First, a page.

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CRM data is messy, but it can clean itself up
Different strategies for data hygiene
Lately, there has been a fair number of headlines advocating for cleaner CRM data. It’s true that more flawless CRM data leads to successful personalization marketing. And while most would agree on why you should clean your CRM data, there are divergent views on the how.
Too many of the articles recommend batch cleansing and periodic hygiene practices. But let’s be real. CRM data is and always will be messy. It’s a lot like your teenage son’s bedroom—you can clean that room from baseboards to the ceiling once a month, once a week, even once a day. The only sure thing is that it will be dirty again, and soon.
Flawless CRM data can’t be achieved by cleaning up database tables through one-time processes, no matter how many of those processes you employ, or how frequently. It can only be achieved by enforcing rigor in a system of record with integrated, repeatable, ongoing data services. Let’s discuss the characteristics that make up a reliable system of record, and why it’s a more effective path to ongoing efficiency and accuracy of CRM data.
Actionable data requires rigor
According to one article, “Getting rid of duplicate data values is the beginning of the cleanup process.” However, that is shortsighted. New customer data is onboarded all the time, which means deleting and merging duplicate data should be a constant value whenever new data is being integrated. It’s one of the primary drivers when companies consider adding a customer data platform (CDP)—centralizing customer data and automating the rigorous requirements associated with data unification and hygiene. You want your customer data to be accurate and actionable at any given moment, not just the day after your last merge process.
As an example, let’s imagine you are a women’s beauty retailer offering e-commerce sales as well as storefront locations. If you have customers who purchase online and in-store, they could appear as multiple individuals in your database, depending on how the data is collected. Unifying data across devices and locations ensures a better understanding of customer behavior, and regularly refreshing that data enables you to message based on their most recent purchases—as opposed to a purchase from last week or month when the data was last refreshed.
The most valuable data is data in motion
Most of the CRM data referenced in the article would be characterized as “data at rest” or PII (personal identifiable information) data. PII data is directly associated with a consumer and doesn’t change frequently (e.g., an email address, personal demographics), but when it does the data becomes unusable. The most valuable data in marketing activities isn’t necessarily PII data. It’s data in motion or non-PII data—constantly evolving and profiled in real-time. This can be transactional data, purchase behavior, content consumption and geo-location data. When it comes to understanding customer behavior and intent, non-PII data generates the most accurate signals to determine the next best action for marketers.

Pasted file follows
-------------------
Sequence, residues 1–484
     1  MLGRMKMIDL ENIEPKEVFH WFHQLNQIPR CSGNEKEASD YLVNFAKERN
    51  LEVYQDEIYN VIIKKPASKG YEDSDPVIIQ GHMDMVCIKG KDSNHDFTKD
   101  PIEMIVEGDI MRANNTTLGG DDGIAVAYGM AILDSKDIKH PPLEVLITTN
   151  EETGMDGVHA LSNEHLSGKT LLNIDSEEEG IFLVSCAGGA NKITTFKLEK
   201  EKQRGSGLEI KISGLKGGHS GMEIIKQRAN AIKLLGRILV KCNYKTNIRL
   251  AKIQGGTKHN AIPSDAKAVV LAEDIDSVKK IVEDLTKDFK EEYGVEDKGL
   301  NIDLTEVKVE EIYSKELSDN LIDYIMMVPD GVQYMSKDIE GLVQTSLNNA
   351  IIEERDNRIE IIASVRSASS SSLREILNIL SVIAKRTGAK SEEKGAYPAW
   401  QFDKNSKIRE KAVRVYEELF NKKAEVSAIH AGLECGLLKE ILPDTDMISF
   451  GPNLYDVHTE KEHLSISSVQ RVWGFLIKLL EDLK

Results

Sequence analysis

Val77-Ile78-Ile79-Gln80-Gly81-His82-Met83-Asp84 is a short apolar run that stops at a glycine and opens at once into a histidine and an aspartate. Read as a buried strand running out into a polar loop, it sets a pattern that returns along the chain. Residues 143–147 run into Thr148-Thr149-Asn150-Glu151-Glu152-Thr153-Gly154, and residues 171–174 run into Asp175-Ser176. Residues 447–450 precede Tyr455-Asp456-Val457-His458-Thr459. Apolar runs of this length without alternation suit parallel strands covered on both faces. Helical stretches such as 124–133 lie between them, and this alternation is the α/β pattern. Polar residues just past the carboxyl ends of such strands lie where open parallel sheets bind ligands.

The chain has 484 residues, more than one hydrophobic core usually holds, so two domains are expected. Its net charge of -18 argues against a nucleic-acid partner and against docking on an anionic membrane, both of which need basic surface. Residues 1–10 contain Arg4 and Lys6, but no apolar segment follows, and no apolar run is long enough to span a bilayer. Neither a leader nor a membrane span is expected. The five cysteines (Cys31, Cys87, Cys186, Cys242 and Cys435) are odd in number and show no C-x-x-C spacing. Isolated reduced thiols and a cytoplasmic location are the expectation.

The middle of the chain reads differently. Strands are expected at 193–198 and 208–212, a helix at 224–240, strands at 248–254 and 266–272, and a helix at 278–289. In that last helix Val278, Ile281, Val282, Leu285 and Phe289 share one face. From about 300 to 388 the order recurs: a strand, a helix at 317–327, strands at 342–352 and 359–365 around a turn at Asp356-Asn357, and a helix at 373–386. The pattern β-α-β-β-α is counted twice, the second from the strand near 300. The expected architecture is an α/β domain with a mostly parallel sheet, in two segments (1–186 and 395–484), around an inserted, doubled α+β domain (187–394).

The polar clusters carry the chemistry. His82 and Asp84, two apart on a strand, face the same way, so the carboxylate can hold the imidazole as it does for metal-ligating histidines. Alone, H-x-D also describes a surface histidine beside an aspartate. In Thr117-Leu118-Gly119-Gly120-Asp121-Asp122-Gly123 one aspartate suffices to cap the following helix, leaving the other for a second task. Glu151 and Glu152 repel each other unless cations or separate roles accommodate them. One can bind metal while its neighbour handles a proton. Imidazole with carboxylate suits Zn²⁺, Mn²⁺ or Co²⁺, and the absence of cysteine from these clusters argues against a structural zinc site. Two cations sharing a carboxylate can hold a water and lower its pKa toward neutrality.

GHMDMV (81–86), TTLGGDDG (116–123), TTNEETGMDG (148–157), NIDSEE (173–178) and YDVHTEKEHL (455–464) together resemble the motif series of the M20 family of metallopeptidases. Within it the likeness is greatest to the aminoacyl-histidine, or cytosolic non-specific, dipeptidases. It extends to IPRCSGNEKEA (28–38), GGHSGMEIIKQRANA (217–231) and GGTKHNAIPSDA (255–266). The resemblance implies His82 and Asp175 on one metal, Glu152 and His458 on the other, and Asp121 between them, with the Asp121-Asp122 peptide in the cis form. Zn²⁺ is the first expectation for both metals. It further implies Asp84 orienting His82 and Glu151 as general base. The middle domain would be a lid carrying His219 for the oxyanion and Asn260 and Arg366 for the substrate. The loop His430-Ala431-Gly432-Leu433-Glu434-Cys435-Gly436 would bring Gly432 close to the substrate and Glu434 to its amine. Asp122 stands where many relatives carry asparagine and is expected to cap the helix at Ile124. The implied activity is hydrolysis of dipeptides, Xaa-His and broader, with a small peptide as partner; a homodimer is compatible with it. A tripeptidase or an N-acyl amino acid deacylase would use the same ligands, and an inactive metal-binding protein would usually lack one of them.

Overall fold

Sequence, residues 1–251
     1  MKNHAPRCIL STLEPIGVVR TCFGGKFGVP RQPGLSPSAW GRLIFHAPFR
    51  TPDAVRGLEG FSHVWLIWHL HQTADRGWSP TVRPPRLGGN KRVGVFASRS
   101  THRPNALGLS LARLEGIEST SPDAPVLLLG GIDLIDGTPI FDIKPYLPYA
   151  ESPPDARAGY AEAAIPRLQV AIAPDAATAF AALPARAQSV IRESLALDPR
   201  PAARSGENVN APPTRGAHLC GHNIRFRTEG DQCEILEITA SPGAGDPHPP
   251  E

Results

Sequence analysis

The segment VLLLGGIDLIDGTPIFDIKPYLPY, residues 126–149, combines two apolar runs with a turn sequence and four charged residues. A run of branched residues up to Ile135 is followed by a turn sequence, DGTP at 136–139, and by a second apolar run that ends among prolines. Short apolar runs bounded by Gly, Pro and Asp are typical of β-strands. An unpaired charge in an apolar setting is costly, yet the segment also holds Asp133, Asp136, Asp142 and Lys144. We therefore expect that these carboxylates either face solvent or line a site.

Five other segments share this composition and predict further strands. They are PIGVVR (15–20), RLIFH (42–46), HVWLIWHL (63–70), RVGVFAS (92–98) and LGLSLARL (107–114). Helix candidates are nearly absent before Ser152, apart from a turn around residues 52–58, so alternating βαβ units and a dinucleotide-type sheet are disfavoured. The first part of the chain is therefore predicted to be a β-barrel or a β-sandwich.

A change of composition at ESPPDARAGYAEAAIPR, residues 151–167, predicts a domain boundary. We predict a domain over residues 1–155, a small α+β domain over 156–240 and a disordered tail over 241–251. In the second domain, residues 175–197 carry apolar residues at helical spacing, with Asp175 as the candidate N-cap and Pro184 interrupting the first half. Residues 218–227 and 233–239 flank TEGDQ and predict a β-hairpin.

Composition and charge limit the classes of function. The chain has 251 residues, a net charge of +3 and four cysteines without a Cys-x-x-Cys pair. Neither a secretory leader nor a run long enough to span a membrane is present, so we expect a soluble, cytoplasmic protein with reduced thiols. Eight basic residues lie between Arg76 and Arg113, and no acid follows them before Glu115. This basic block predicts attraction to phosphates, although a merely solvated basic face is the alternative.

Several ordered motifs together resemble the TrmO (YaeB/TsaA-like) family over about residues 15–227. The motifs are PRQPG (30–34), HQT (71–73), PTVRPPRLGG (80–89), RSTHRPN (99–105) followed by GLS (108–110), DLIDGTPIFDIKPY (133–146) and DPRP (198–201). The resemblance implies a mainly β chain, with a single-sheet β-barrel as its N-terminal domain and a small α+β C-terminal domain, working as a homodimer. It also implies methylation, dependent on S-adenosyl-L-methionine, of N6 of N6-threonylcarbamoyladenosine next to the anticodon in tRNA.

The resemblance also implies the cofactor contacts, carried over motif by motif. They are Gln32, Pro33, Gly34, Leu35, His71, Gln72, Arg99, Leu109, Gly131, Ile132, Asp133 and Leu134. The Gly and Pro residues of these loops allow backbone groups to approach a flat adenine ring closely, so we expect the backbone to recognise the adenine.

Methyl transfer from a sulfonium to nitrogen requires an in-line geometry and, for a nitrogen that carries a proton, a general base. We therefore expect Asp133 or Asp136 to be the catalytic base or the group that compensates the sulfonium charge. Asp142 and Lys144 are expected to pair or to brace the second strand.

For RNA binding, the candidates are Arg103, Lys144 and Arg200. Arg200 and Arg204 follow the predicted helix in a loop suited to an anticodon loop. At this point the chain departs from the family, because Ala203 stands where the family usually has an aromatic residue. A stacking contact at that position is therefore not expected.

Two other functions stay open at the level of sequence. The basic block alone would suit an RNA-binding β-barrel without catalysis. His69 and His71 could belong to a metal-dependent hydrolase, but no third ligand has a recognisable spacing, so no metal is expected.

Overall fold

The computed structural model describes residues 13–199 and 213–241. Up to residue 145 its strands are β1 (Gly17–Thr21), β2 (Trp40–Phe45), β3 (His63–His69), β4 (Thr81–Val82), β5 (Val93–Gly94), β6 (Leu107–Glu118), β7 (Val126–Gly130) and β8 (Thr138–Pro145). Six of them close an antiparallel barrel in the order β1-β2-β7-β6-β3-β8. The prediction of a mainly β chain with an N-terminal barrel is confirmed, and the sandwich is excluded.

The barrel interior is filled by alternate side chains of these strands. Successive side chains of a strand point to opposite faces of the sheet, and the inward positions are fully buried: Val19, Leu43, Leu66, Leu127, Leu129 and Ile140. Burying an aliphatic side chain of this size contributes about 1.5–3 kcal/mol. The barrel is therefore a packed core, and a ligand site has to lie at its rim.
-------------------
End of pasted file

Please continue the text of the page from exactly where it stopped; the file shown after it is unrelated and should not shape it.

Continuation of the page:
Only a comprehensive system of record like a CDP can safely and effectively graph non-PII data against existing PII records for use in real-time. It’s also necessary if you want to move forward from baseline hygiene and enrich your CRM data with non-PII data that enables you to understand customer interest and intent. Let’s go back to our example. Your beauty brand may have reliable customer data related to purchases made online and in-store, but you don’t know about recent purchases from other beauty brands, or if a customer has also been searching content from other make-up brands or researching hair care products. Data enrichment can help you further tailor marketing content with deeper and more meaningful personalization.
Bridge the gap from data to opportunities
The nature of non-PII data and the complexity of linking it in real-time to a consumer’s profile is why CRM data is and always will be messy. We can’t change how data is generated, in fact, what’s happening most often is we’re creating more devices and customer engagement strategies that in turn generate even more customer data and well, you get the picture. Bringing it back to our teenager example, he’ll continue to accumulate dirty clothes every day. The most efficient solution? Teach him to do his own laundry. You can do the same with your data.
Maintaining the quality and accuracy of CRM data is important, but it is a baseline requirement when it comes to your marketing efforts. Consumer expectations are high when it comes to personalized marketing and the recommendations they receive from your brand. The ability to identify your customers across channels and devices will require highly reliable, real-time insights—insights that can also reveal opportunities to engage through sophisticated AI. This is what the future of customer data management looks like, and why marketers should be focusing their technology conversations on the next generation of data platforms.
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